Steve smiled as he recalled a story by Ajahn Brahm. The master told a story about when he was a young monk staying with a group of other monks. The temple they were staying in was short of funds and they had to do the renovation and repair works themselves. Ajahn Brahm was assigned the duty of building a brick wall. He was very careful as he laid brick after brick to build the wall. When he finished, he stepped back to admire his handiwork. He was devastated when he noticed a brick that was a little crooked. He felt like using dynamite to blow up the wall and rebuild it but fortunately, the senior monk did not allow his to do so.

Many years later, Ajahn Brahm was asked to show a visitor around the temple grounds. He tried to avoid the wall but the visitor just walked over and studied the wall.

“What a beautiful wall”, the visitor commented.

Ajahn Brahm was dumbfounded, “What do you mean beautiful? Can’t you see that brick that is sticking out like a sore thumb!”

The visitor smiled, “Yes, I see it. But I also see the other 999 bricks that had been laid perfectly. Look, I am a house builder and we also make such mistakes. But when we do, we call it a feature and charge our customers higher”. Ajahn Brahm laughed at what the visitor said and also at his own silly expectations of himself. He is, after all, a monk and not a builder.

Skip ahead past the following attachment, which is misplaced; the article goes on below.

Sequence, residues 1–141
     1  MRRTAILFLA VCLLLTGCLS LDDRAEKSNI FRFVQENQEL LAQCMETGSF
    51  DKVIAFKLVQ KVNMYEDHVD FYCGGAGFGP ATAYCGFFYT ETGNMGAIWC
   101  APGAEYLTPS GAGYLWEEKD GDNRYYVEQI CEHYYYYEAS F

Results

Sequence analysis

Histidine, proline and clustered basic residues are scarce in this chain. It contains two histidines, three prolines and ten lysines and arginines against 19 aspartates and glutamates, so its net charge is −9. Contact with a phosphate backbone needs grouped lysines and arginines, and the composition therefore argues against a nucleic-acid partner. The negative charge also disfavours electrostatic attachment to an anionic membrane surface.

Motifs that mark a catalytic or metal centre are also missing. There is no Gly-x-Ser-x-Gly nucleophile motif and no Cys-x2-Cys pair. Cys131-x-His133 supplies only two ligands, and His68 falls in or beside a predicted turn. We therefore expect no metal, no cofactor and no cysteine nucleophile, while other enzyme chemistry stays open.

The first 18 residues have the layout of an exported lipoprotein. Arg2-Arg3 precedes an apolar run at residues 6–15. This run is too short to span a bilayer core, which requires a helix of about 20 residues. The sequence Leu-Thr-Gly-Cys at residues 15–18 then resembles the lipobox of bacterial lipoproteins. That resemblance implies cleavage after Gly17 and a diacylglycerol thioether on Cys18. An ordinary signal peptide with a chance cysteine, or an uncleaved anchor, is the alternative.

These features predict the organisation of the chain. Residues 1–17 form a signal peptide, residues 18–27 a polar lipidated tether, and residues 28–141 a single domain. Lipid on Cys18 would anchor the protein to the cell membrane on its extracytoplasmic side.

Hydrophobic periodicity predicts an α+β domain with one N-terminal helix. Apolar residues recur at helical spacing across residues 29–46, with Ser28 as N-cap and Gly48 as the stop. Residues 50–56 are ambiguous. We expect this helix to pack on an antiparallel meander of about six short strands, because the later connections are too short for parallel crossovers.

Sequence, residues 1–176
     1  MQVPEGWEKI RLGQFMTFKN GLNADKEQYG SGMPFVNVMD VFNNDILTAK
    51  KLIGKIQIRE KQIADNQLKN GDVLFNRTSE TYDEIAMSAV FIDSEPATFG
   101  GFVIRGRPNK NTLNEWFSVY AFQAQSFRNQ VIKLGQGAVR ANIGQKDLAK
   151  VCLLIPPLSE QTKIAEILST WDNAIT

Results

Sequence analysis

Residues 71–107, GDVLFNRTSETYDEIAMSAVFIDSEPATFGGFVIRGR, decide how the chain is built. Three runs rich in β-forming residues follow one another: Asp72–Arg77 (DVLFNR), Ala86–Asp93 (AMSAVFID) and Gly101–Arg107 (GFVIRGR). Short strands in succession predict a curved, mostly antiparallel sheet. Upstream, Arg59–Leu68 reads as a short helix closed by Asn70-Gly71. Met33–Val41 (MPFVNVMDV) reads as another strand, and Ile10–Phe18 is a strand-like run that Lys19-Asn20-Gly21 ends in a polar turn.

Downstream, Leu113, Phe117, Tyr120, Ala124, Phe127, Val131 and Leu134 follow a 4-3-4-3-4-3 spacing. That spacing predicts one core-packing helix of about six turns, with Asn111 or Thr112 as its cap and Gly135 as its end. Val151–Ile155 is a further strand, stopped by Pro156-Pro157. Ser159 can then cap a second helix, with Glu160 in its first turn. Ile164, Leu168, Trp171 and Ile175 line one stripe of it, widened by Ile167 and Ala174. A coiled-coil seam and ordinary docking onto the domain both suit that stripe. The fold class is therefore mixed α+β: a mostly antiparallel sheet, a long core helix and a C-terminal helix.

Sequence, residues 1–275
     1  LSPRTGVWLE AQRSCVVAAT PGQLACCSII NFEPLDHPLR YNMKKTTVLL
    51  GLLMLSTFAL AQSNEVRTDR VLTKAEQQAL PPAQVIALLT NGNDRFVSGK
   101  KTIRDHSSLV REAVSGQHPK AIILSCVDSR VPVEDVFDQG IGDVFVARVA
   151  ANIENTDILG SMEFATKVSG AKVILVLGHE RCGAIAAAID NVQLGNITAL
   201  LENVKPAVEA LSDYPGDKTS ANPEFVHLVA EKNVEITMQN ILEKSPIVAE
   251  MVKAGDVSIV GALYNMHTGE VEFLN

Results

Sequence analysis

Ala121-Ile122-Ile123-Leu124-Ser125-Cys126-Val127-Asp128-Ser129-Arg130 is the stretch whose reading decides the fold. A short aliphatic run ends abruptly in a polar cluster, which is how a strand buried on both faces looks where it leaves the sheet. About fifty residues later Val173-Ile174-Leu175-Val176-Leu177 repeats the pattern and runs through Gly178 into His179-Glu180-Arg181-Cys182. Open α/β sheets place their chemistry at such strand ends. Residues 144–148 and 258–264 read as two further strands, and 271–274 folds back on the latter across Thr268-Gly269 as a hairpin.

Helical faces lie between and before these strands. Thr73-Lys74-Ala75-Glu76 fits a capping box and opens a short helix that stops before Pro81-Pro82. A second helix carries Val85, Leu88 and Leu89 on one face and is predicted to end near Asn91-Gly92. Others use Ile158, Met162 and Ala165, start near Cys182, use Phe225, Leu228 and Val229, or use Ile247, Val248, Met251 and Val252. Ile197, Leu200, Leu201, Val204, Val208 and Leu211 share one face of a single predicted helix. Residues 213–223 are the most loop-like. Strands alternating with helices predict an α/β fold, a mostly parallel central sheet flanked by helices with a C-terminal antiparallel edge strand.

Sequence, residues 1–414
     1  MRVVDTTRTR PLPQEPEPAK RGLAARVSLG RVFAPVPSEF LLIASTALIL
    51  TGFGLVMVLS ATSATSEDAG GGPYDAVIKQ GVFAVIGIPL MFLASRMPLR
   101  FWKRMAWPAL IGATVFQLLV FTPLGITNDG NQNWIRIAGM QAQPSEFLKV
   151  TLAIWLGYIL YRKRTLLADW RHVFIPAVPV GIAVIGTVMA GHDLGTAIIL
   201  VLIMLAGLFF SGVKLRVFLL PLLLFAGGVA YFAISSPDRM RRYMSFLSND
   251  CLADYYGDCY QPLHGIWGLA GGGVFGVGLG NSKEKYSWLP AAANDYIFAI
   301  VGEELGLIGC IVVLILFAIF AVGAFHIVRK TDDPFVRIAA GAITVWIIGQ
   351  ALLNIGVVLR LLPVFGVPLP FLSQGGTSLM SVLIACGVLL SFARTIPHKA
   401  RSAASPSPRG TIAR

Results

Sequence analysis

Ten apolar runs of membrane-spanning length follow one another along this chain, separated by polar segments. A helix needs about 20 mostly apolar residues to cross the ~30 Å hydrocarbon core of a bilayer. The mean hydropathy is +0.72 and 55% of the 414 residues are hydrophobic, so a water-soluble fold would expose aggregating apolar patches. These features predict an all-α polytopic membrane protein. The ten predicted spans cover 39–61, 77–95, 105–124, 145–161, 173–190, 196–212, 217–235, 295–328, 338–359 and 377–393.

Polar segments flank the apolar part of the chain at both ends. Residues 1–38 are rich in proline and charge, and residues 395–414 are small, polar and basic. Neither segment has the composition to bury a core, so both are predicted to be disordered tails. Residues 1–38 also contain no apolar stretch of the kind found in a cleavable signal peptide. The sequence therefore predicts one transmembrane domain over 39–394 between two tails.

Now, he no longer notices the brick that is out of place.

Steve thought about how he imposed the same expectation of himself on his subordinates. He now realises that it is unfair to do so. His staffs are already doing more than what can be reasonable expected of them and if he does not change his ways, they will probably give up and resign. That would be devastating.

Steve’s thoughts shifted to his 10 year old daughter, Mandy. Just last week, she came back from school with her maths results. She achieved 98% and proudly showed it to Steve. Steve took the papers and immediately flipped to the question which little Mandy got wrong. He saw that it was an easy question and if Mandy was more careful, she would have gotten the question right and achieve a perfect score. He proceeded to reprimand Mandy for her carelessness. Tears swelled in Mandy’s eyes. She was hoping for praises from her dad but received harsh words instead.

“What has gotten into me?” Steve questioned himself as he recalled this event with his daughter. My pride has taken away even the joy that he could have had with Mandy. No, he will not accept this anymore. He must change and he will.

Steve also recalled a recent meeting when his suggestion to another Top Executive was rejected. He felt as if the rejection of his suggestion was equivalent to rejecting him entirely. His suggestion became part of his ego. He felt furious but fortunately, he did not let it show. It was just a simple suggestion and it does not affect him at all whether or not his suggestion was accepted. It is funny how he reacted the way he did. He laughed and felt good to be able to laugh at himself again.

He stood up from the sofa and adjusted his tie. He felt lighter after letting go this burdensome pride that he has been carrying for so long. His face shone brightly as he proceeded out of his office to tell each of his subordinate how much he appreciates them.